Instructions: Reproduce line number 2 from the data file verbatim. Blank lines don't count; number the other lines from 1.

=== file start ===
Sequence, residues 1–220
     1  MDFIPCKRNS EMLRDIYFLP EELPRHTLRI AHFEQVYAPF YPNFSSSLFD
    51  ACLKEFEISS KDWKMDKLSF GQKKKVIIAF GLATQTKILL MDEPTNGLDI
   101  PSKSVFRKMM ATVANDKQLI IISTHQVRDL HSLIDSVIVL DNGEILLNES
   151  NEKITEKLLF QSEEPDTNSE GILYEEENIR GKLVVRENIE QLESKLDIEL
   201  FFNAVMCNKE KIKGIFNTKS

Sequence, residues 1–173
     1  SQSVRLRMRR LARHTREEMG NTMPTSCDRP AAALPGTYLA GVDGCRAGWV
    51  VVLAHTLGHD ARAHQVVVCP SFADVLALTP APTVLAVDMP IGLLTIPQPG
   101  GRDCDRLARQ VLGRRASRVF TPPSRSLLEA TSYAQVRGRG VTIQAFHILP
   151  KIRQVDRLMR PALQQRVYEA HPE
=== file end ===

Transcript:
     1  MDFIPCKRNS EMLRDIYFLP EELPRHTLRI AHFEQVYAPF YPNFSSSLFD